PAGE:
and the lambent mystery of the other; Barbara Bray's 1963 translation of Crebillon's
masterpiece is itself masterful, and the restoration of this work to print
is the present volume's single finest accomplishment.
The desire to anatomize desire, to fix it under a lens and peel back petal
after petal until the heart of it, absent of course, is exposed: this is what
galvanizes these works, this is the chimera these writers pursue through thickets
of nuance. Precious and ubiquitous as it is, desire is also, of necessity
lest it go free, rigidly codified by the social world in which it is enacted,
so that any anatomy of desire becomes an anatomy of worldliness, the study
of how to come by that which we desire, how to maintain it, how to drain it
of value so that its inevitable loss might seem the loss of nothing. The desolation
latent at the core of such investigations is best expressed by the Marquise
de Merteuil in Dangerous Liaisons: "Let us not deceive ourselves,
the charm we think we find in others exists only in ourselves, and it is love
alone that confers beauty on the beloved."
Laclos's epistolary novel presents a kind of social apocalypse, in which
the maleficence of the central characters is so potent it destroys more than
it perverts. No Tomorrow, a story in the form of a fragment, relates
an elaborately staged one-night stand and is concerned to question the degree
to which pleasures unacknowledged by society, free of all contingency, can
be said to exist at all. The Wayward Head and Heart traces the absorption
of its narrator into society, his passage from a youth "whose powers
of discernment were virtually nonexistent" to a successful libertine
aware that "what is called knowledge of the world only makes us wiser
insomuch as it makes us more corrupt."
Left deliberately unfinished by Crebillon, this novel is told from a vantage
above the society it depicts and it makes skilled use of adumbration or foretelling,
beautifully achieving a double register by means of which we are given the
narrator's naiveté along with his later wisdom. It is a work of art
and reading it one immediately begins to see it in conversation with other
such works. Its influence can be detected rippling outwards through the great
neglected writers of French Romanticism-Chateaubriand, Senancour, Constant,
Ramond de Carbonnieres-out through Stendahl, Flaubert, and Baudelaire to reach
its greatest effect in Proust and beyond him in the writings of Raymond Radiguet,
Julien Gracq, Michel Leiris, Pascal Quignard.
Outside of French literature one might draw a line from Crebillon to Sappho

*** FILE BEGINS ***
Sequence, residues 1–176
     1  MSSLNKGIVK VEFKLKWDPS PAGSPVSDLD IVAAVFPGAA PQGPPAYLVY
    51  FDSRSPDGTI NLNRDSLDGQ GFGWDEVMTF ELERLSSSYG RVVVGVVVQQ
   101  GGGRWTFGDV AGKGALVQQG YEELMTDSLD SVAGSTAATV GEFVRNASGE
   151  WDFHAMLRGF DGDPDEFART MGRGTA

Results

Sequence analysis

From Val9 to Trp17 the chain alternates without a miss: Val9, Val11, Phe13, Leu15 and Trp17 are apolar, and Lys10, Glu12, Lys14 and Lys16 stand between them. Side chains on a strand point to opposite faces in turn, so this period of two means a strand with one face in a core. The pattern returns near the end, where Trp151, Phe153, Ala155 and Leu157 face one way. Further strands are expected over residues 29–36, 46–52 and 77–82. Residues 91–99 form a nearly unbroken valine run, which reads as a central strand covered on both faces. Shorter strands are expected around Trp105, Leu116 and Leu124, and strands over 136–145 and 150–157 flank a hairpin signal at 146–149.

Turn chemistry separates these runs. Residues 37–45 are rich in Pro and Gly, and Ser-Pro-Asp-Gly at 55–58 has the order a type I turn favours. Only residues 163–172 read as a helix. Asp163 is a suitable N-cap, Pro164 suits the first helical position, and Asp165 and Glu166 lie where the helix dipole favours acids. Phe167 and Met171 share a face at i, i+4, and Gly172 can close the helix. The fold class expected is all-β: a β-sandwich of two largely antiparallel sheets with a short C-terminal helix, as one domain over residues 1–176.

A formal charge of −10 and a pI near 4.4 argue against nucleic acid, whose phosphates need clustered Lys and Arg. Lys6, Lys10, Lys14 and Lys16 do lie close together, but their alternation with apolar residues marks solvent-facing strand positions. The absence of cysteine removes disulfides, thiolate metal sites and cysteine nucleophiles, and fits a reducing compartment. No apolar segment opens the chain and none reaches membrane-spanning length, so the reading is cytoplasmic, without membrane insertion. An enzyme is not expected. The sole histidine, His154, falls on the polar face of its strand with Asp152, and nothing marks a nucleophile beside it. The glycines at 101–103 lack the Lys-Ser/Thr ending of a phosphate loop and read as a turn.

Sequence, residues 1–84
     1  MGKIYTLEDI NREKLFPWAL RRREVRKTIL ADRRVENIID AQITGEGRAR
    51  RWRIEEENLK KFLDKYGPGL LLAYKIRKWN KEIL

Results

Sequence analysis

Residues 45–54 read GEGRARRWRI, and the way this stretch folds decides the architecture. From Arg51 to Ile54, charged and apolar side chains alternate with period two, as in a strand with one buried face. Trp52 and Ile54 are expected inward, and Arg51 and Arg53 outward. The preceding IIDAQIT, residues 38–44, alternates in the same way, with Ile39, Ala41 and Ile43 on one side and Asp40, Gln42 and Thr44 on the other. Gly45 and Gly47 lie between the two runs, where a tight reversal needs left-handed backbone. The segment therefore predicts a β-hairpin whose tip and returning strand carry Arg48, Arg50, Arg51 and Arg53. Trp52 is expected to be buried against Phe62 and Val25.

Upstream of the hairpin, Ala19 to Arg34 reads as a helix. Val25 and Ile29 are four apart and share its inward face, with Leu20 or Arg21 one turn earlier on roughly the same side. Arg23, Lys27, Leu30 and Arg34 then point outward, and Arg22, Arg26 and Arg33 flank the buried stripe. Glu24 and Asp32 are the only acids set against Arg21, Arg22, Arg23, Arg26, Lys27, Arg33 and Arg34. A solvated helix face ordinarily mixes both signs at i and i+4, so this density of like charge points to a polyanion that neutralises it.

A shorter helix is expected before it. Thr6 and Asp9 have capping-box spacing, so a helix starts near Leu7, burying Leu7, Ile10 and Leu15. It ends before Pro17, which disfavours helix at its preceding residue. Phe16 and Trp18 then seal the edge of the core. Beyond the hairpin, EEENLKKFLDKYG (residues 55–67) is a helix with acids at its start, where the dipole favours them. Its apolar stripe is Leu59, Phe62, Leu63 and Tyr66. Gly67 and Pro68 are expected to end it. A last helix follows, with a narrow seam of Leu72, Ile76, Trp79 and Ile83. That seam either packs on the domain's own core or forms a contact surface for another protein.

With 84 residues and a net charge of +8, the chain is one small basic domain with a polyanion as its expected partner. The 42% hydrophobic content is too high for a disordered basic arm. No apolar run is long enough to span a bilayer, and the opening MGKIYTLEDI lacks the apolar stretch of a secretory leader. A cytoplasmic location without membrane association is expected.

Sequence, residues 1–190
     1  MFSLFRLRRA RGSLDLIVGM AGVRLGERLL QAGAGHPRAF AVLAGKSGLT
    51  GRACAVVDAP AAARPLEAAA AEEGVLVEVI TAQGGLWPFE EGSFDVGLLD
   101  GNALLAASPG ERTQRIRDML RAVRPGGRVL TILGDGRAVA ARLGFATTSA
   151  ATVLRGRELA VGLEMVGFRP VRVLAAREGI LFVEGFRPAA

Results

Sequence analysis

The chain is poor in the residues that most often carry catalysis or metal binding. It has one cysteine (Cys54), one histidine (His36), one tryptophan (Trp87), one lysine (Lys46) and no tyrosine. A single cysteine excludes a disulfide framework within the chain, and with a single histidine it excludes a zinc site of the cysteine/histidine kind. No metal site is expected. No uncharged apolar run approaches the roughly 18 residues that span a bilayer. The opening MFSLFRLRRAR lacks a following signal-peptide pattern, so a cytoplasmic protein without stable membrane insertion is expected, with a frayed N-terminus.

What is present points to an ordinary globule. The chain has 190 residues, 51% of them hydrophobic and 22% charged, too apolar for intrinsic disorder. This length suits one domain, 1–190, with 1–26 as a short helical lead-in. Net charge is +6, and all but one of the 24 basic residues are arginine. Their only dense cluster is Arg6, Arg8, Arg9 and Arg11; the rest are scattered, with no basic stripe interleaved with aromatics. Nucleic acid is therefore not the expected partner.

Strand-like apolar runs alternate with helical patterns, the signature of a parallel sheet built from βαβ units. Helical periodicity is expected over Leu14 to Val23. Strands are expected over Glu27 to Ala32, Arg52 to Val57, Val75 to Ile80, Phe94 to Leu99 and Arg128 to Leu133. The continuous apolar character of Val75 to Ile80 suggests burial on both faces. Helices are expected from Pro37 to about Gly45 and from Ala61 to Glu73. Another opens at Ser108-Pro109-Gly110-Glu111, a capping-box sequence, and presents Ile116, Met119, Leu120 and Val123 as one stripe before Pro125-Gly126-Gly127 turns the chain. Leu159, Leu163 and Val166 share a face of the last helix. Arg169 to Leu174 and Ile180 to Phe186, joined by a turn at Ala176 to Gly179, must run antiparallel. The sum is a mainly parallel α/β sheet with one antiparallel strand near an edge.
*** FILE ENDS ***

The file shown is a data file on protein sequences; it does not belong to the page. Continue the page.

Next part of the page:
and the poets of the Greek Anthology; to the Roman erotic elegists; to the
troubador poets, Cavalcanti, Petrarch; to Pushkin's Eugene Onegin,
Tolstoy's Anna Karenina, Nabokov's Lolita and Ada; to
Congreve, Byron, Henry Green and Ivy Compton-Burnett; to Edith Wharton and
Henry James and Scott Fitzgerald; to such contemporary works as Harry Mathews'
Cigarettes, or Edmund White's Caracole, or Alan Hollinghurst's
The Folding Star, or James Merrill's chronicles of love and loss. This
is how one reads, I take it, accretively, moving outward from the known to
the undiscovered, ply over ply in Pound's phrase, letting each gathered work
light the way to the next. The pattern of branching affinity established in
this way-rather than the distractions of sociology, rather than the anxieties
attendant upon any supposedly impeding influence or other-would seem to be
what lies at the heart of the literary endeavor, for both readers and writers
alike, forgotten by many as this may be in the current academic climate of
One such radiating line is of particular interest, given the odd coincidence
of its fruition. During the period of the early 1960s when Barbara Bray was
translating The Wayward Head and Heart, her lover, Samuel Beckett,
was writing Play, a work which draws some of its desiccated energies
from the misfortunate entanglements of his dual affections for Bray and for
his longtime companion, recently his wife, Suzanne Deschevaux-Dumesnil. At
first glance, nothing could be more distant from the polished monde
of Crebillon's novel than Play, with its atmosphere of low-rent eschatological
shrewery and vindictiveness:
M: At home all heart to heart, new leaf and bygones bygones. I ran
into your ex-doxy, she said one night, on the pillow, you're well out of that.
Rather uncalled for, I thought. I am indeed, sweetheart, I said, I am indeed.
God what vermin women. Thanks to you, angel, I said.
And yet both works posit a man fallen hopelessly amongst women, both are
written out of a disabused retrospect, both partake of a particular jaundiced
nostalgia. Did Beckett read Bray's translation as it was written? Did he read
Crebillon's novel? Did he find in it something that he thought worthwhile
to play with? The correspondence between Bray and Beckett is now in the library
of Trinity College, Dublin, and someday we may read it with the same astonishment
with which we still read the correspondence between the Vicomte de Valmont
and the Marquise de Merteuil.